portamento wrote:I would also be interested in seeing something like this.
The particle size/count graphs are the most definitive data for the concept that Kira calls "accuracy" above, though I certainly respect and am intrigued by Geoffrey's experience with the microscope.
GC7 wrote:It's not even a contest. The Virtuoso grind is significantly more consistent in size over a range of settings from drip to french press. In the cup it's no contest as well.
Geoffrey, your experience with the cup impact of what is apparently a more "unimodal" grinder or at least one with a taller, narrower, distribution of particle sizes compared to one with a presumed flatter, wider, curve mirrors the claim made on the Marco Uber Project site. There, they say they conducted a taste test of some kind with the high-end Tanzania grinder, finding it produced a better cup (for brewed coffee) than grinders that did not have such an outstandingly narrow curve as it has, which presumably would include bi-modal espresso grinders, including the Vario.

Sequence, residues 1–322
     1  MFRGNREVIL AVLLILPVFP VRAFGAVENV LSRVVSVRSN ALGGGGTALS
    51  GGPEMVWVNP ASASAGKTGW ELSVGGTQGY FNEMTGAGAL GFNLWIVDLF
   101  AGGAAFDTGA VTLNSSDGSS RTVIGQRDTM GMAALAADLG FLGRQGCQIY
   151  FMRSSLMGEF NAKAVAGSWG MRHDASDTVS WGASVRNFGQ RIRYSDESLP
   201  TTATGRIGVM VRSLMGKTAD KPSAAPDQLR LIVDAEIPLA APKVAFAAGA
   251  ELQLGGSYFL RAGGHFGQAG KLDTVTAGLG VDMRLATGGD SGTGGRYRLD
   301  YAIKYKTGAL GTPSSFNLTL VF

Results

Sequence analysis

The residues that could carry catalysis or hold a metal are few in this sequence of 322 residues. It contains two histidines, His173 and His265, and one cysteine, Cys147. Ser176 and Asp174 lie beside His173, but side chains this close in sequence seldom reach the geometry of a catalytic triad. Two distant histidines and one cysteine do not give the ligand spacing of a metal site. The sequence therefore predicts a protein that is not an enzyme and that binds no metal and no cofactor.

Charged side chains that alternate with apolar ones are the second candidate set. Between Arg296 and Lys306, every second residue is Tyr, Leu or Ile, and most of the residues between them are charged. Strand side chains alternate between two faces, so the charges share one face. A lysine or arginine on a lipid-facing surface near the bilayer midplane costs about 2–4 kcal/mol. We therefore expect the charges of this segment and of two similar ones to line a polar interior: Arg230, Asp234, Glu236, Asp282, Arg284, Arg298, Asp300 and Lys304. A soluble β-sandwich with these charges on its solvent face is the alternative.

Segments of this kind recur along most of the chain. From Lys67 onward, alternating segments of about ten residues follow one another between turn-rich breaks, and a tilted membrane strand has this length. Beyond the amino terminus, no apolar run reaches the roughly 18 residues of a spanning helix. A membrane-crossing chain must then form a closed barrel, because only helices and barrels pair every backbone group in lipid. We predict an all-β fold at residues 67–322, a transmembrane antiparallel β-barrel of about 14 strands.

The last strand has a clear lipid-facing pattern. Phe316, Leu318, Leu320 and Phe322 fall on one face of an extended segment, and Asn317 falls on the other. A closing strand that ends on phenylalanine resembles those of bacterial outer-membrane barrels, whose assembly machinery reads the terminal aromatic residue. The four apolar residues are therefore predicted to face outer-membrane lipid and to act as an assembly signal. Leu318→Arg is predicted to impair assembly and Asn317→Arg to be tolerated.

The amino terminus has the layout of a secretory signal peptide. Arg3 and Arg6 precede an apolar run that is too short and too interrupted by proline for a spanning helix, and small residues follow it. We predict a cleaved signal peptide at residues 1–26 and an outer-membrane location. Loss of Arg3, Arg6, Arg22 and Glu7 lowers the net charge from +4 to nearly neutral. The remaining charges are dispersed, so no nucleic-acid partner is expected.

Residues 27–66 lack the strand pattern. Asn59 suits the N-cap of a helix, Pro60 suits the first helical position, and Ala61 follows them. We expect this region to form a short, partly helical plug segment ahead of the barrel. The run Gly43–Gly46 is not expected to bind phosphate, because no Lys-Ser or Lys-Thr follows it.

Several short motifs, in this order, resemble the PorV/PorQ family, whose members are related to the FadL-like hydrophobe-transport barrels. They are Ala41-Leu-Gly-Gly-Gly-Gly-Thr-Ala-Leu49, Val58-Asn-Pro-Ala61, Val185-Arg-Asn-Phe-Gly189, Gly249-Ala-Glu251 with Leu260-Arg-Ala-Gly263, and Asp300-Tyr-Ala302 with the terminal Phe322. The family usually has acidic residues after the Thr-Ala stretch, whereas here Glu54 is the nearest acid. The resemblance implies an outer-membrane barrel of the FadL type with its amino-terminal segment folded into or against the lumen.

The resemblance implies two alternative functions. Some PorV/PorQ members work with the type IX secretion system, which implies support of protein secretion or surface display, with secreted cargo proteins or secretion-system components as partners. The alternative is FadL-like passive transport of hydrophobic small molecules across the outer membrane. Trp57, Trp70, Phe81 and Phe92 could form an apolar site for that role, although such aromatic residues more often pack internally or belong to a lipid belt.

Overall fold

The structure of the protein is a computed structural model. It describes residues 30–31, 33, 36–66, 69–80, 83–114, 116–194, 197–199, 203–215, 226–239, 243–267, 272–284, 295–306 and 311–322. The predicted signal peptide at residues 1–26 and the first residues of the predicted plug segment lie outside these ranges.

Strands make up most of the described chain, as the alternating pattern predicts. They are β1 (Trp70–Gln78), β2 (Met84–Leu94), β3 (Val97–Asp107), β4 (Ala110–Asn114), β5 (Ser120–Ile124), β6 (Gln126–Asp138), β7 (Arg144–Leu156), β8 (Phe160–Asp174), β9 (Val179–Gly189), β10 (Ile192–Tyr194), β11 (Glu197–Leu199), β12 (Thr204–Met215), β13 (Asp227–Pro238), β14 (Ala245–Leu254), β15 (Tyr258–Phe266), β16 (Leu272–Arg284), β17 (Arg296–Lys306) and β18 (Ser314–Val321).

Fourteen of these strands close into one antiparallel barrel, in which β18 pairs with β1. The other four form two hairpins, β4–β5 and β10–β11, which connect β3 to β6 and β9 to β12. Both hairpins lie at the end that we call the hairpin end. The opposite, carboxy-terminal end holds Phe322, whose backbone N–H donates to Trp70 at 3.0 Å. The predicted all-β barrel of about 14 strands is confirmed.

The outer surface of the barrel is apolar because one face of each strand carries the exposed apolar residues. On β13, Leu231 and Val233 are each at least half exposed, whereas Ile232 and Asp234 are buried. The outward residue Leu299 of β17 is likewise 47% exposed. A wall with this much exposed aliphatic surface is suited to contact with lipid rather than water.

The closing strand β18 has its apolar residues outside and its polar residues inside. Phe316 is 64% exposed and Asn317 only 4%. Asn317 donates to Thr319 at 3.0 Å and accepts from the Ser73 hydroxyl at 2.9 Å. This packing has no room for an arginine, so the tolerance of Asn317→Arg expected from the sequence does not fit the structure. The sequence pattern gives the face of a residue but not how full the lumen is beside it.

On the subject of Baratza grinders, the Vario has a bimodal particle curve that looks much like that of an SJ for example. That makes it an espresso grinder. I sometimes think people conflate its adjustability features with its grind quality. It has outstandingly easy and precise ability to select different grind points, and sometimes I get the impression people think that means its grind quality is somehow "optimized" for both espresso and brewing. I'm not sure there is such an animal.
So, is there a $100 grinder that mimics the Tanzania profile enough that you could beat the brewed coffee cup quality yielded by a high end espresso grinder? Would the Virtuoso do that?
Be nice to know....
Trust your taste. Don't trust your perception.